Today's Tuesday Book Club is The Legend of Rock Paper Scissors by Drew Daywalt. What an adorable book! This hilarious book gives you background information on how the game Rock Paper Scissors came to be. It is fiction of course, and oh so fun to read. After reading the story, there are so many ways you can incorporate Rock-Paper-Scissors into your classroom!
Sei-Sei-Sei, from Japan, is one of my favorite songs to play this game. All children start with a partner and are standing on a large piece of paper. At the end of the song- on HOI!- students choose Rock, Paper, or Scissors. Which ever child looses folds their paper in half. If there is a tie- BOTH students fold their paper. All students then find a new partner. Once a student has folded their paper 4x they are OUT. Continue play until you have a winner for the class!
Also- Have you seen this video?
In my class, winners keep hopping trying to get through the course, and those who loose Rock-Paper-Scissors have to read a rhythm or solfege card before they get back in line. The game ends when either someone has gotten all the way through the course OR all students have attempted and read a rhythm at least 1x.
Another fun idea is Rock-Paper-Scissors composing.Disclaimer: I saw this idea on Facebook and fleshed it out, and am sharing my version. Thank you to Shauna Slemp in the Elementary Music Educators Group for originally posting this awesome idea! She did it to have students record BAG recorder.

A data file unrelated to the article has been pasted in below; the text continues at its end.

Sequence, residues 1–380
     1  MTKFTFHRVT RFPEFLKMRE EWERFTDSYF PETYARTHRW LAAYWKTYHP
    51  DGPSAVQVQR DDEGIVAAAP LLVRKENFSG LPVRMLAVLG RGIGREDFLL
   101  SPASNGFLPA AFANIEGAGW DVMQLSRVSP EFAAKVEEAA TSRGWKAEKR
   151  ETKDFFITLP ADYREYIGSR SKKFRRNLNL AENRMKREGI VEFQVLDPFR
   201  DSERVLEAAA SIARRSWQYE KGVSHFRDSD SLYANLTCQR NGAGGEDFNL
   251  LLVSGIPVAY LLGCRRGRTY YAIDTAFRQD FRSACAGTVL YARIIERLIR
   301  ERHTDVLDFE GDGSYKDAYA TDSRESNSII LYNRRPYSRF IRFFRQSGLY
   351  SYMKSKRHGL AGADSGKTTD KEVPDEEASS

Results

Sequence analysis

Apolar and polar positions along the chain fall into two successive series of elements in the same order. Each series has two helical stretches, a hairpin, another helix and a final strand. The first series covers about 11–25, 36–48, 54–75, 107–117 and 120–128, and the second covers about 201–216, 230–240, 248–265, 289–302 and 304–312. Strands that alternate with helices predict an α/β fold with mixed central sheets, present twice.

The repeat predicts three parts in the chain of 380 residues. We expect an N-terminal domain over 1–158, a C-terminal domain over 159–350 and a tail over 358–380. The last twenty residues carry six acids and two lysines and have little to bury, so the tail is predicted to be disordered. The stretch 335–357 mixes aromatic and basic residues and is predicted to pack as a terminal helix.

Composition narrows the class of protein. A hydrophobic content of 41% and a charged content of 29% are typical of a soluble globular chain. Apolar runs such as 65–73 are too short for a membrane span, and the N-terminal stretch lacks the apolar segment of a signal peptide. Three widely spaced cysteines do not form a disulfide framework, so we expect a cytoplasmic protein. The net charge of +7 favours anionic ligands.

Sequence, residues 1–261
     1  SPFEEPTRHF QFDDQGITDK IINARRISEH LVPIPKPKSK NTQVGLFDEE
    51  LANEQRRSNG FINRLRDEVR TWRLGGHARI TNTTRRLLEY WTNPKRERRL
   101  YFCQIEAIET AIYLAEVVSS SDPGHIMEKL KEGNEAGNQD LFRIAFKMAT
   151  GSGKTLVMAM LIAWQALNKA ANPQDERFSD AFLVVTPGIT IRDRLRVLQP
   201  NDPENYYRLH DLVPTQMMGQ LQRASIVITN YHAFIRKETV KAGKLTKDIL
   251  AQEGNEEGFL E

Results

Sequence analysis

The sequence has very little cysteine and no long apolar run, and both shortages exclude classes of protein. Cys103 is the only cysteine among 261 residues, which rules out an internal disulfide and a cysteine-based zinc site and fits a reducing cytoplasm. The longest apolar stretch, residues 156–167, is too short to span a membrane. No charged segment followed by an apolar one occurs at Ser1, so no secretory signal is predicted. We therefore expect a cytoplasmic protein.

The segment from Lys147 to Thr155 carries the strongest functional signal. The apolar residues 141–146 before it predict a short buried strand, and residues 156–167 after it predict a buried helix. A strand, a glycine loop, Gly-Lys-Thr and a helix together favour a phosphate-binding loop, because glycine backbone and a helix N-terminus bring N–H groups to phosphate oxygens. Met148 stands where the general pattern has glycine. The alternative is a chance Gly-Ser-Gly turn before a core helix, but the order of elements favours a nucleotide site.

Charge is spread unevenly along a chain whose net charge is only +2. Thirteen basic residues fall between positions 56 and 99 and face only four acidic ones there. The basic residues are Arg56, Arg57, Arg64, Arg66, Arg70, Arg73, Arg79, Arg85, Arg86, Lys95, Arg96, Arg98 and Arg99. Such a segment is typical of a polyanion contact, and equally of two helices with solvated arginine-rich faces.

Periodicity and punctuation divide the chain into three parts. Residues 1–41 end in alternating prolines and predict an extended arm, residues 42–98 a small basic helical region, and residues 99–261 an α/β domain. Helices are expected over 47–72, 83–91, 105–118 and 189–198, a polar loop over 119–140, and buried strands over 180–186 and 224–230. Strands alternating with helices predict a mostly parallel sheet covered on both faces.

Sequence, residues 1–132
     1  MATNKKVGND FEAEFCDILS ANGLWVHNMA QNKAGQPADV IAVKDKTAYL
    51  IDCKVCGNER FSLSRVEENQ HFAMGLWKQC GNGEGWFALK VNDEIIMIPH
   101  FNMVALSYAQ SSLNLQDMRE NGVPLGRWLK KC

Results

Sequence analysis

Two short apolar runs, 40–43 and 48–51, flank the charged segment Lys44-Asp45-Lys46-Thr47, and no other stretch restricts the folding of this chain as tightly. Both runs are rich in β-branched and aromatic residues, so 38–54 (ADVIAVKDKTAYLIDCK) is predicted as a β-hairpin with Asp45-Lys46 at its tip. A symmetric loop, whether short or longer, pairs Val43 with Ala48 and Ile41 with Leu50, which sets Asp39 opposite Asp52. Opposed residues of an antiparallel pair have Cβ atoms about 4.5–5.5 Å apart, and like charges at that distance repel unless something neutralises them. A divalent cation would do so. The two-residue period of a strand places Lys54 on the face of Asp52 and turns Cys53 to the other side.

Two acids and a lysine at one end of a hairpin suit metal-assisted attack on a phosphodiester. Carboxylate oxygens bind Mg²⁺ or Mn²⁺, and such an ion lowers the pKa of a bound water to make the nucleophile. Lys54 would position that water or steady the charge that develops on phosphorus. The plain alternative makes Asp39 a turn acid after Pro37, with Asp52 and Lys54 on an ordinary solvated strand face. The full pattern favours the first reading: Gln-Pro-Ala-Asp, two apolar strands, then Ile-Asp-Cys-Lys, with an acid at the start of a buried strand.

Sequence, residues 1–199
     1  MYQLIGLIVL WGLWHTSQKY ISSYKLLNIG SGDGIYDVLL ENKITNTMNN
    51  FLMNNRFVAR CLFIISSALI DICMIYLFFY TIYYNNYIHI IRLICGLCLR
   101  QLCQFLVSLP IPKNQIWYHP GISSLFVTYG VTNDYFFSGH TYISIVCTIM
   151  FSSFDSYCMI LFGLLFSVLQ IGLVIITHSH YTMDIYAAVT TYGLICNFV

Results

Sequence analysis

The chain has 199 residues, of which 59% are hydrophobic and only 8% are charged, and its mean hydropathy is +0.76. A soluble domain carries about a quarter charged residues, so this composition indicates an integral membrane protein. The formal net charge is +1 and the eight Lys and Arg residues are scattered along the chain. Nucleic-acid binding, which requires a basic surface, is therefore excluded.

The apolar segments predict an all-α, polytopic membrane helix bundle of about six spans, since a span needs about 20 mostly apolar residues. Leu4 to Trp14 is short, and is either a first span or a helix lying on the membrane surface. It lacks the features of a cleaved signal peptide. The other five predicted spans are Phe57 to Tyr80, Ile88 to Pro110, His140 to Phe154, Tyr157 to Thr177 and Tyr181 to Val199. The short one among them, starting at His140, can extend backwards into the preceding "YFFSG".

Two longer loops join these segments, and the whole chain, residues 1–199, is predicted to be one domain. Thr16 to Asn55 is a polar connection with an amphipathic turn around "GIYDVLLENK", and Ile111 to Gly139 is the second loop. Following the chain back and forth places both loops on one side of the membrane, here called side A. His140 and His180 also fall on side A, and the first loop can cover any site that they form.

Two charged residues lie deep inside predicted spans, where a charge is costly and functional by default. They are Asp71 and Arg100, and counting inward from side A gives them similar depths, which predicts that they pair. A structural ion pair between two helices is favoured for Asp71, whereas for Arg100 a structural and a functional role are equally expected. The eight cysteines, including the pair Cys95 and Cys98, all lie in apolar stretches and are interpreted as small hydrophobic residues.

I did BAG recorder with my 5th graders and my 2nd Graders are working on DO right now. After reading the book we composed some So-mi-do songs using rock paper scissors.
Students got into pairs and played the game. If Scissors won (or both students chose scissors) a SO was added to their song. Paper = Mi, and Rock = Do. I had students play 8 times for an 8 beat song of all quarter notes. Check out this awesome student work!
You could also choose to have students first write a rhythm using known concepts, and then use the R-P-S to add the solfege, or as Shauna did add the notes B-A-G. Working on a new rhythm concept such as tika-tika (beamed 16th notes)? Have students write a rhythm pattern where Quarter Note= Rock, Beamed Eighth Notes= Paper, and Beamed 16th Notes= Scissors (a rest could be when there is a tie.)
I have included 3 simple worksheets below that you can either print OR project to play as a class. They are super basic but get the job done :) Click HERE to access the google doc. When you click the link ,you will be prompted with a screen that asks if you would like to make a copy of the doc. Click yes and you will be good to go! You can edit your copy, or just print a page as is, but you won't have to worry about messing up the original!
In addition to the activities listed above, you can talk to students about how Rock, Paper, Scissors is a great strategy to solve a conflict. Partners can't agree? Play RPS. Unsure of who got to the line first? Play RPS to see who gets to be in front, etc. etc.
Go Forth and Play RPS!